vdhieu
Posts: 5
Joined: Fri Jul 31, 2020 9:55 am

Cross-compile for PI

Fri Jul 31, 2020 10:00 am

I created a file main.c on my Ubuntu
#include <stdio.h>
#include <wiringPi.h>

int main(void)
{
int i;
wiringPiSetup();
pinMode(7, OUTPUT);
while(1)
{
digitalWrite(7, HIGH);
delay(500);
digitalWrite(7, LOW);
delay(500);
}
return 1;
}

Now i want to cross-compile this file for PI. But issue that:
main.c:2:22: fatal error: wiringPi.h: No such file or directory

I think i need to copy wiringPi.h to somewhere.
Could anyone help me please.
Thank you!

GlowInTheDark
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Re: Cross-compile for PI

Fri Jul 31, 2020 10:41 am

The short answer is going to be:

1) Copy wiringpi.h from the Pi to the directory containing your source file on Ubuntu.
2) Include -I. on your compile command line.

The longer answer, which is really a question, is: How did you set up your cross-compiler? Are you sure it works at all?
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jahboater
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Re: Cross-compile for PI

Fri Jul 31, 2020 10:58 am

Have you actually tried compiling this on the Pi?

Why do you want to cross compile ?

Although your Ubuntu machine may be more powerful, a Pi4 will compile a tiny program like that in a few milliseconds.
Pi4 8GB running PIOS64 Lite

fbe
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Re: Cross-compile for PI

Fri Jul 31, 2020 7:44 pm

jahboater wrote:
Fri Jul 31, 2020 10:58 am
Although your Ubuntu machine may be more powerful, a Pi4 will compile a tiny program like that in a few milliseconds.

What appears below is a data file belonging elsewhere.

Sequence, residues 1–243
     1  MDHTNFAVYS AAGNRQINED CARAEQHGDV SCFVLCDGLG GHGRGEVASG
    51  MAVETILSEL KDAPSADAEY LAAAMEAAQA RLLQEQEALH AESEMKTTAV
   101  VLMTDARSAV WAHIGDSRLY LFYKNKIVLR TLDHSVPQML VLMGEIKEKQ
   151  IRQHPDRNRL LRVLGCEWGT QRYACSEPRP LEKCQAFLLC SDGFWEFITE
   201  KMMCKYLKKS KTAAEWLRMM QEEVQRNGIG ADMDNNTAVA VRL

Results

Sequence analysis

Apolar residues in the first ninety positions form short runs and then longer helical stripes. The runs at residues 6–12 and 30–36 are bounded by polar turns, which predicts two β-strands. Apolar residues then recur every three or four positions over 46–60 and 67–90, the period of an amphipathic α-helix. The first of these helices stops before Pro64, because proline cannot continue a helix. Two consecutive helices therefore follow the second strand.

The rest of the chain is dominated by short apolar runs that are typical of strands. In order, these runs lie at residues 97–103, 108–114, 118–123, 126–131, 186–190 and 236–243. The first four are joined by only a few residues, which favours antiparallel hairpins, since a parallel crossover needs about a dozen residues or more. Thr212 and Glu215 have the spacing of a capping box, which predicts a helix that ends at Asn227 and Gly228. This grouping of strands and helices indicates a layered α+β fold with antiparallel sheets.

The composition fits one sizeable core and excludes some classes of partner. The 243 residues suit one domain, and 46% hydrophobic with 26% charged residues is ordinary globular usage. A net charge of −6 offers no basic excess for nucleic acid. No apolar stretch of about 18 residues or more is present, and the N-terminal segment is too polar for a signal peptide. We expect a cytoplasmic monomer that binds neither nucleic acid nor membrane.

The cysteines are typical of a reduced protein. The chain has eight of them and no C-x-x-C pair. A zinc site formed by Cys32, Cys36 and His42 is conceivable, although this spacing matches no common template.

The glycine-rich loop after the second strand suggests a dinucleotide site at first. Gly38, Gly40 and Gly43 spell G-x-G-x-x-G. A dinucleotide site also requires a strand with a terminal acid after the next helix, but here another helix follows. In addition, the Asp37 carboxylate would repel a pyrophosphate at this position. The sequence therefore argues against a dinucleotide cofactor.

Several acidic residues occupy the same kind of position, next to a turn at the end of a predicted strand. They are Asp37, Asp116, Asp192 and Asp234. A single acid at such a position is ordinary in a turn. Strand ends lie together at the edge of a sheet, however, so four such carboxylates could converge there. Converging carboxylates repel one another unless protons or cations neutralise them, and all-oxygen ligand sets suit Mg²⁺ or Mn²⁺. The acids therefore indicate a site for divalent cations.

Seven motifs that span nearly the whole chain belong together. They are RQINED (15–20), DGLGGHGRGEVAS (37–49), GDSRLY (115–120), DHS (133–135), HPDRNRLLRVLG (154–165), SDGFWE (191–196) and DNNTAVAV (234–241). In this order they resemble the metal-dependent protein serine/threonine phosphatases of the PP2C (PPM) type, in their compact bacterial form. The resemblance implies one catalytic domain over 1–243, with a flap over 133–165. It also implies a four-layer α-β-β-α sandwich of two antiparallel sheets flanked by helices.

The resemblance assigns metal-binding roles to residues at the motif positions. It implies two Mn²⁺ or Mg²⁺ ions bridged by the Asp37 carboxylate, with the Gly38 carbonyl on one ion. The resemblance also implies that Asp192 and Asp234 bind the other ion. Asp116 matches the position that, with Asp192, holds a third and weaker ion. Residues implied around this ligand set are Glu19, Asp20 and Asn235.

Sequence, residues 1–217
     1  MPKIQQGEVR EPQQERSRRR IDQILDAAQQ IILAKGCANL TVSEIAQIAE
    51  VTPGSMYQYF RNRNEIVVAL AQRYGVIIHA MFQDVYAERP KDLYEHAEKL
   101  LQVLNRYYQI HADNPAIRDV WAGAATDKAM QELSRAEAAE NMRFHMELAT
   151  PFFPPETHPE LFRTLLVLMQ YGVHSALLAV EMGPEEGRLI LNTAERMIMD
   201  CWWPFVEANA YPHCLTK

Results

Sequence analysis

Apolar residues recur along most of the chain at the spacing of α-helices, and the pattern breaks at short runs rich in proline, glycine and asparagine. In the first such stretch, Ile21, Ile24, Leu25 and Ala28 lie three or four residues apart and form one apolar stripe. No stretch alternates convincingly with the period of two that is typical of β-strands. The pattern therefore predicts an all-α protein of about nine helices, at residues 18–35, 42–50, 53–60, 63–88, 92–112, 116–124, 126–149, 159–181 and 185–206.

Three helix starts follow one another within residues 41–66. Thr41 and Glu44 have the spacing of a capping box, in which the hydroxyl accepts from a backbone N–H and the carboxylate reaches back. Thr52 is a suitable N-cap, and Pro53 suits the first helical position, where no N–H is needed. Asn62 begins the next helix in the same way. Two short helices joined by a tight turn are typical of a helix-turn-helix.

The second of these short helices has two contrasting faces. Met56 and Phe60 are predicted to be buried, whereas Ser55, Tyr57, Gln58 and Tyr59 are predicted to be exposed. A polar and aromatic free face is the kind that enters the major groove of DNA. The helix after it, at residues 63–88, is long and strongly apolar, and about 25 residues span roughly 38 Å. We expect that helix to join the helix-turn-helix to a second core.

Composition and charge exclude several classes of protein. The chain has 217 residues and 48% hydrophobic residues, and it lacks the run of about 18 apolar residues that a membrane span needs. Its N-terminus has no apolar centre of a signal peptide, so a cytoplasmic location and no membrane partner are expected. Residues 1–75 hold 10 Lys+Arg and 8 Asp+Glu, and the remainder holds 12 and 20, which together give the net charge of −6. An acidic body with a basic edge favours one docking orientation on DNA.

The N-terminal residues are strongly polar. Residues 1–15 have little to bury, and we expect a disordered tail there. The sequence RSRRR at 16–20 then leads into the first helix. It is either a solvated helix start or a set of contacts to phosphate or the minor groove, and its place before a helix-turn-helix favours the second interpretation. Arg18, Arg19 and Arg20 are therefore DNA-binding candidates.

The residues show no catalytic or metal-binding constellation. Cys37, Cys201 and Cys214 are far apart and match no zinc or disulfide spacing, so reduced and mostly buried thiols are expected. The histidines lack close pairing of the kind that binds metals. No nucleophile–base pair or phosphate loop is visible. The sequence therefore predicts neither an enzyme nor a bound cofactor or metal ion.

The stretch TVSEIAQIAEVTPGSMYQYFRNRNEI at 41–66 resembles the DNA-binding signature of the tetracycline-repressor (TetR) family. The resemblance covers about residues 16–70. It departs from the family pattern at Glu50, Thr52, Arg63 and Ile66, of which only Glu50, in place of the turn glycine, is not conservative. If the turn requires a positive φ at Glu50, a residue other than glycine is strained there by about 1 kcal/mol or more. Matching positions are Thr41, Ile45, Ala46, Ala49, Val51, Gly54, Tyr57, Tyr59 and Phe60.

Although a Pi4 will compile this program, you will have to find a wiringPi version, that is compatible with Pi4 to run it on a Pi4.
Please don't start new projects with wiringPi. http://wiringpi.com/wiringpi-deprecated/

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jahboater
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Re: Cross-compile for PI

Fri Jul 31, 2020 7:51 pm

fbe wrote:
Fri Jul 31, 2020 7:44 pm
jahboater wrote:
Fri Jul 31, 2020 10:58 am
Although your Ubuntu machine may be more powerful, a Pi4 will compile a tiny program like that in a few milliseconds.
Although a Pi4 will compile this program, you will have to find a wiringPi version, that is compatible with Pi4 to run it on a Pi4.
Please don't start new projects with wiringPi. http://wiringpi.com/wiringpi-deprecated/
Agreed.

I suggest pigpio
http://abyz.me.uk/rpi/pigpio/
Pi4 8GB running PIOS64 Lite

vdhieu
Posts: 5
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Re: Cross-compile for PI

Sun Aug 02, 2020 3:23 pm

Thank you all for your reply.
1. I installed toolchain for cross-compile on Ubuntu, compiled a simple file and run well on PI. -> toolchain is fine.
2. I installed wiringPI on Ubuntu, not error.
3. I compiled this file on PI and run well. (I installed wiringPI on PI)
4. I use cross-compile because i want to prastice this and may be i need this for the future.
5. I think the method for this issue: i need to copy wiringPi.h to somewhere, but dont know to where. I copied to source folder, but also can not build. I also copied to /usr/local/bin, /lib, ../toolchain/gcc.../bin, lib/ , everywhere i can but the same error.
So i think we can not use wiringPi for cross-compile, because when we install wiringPi , it need to know our platform.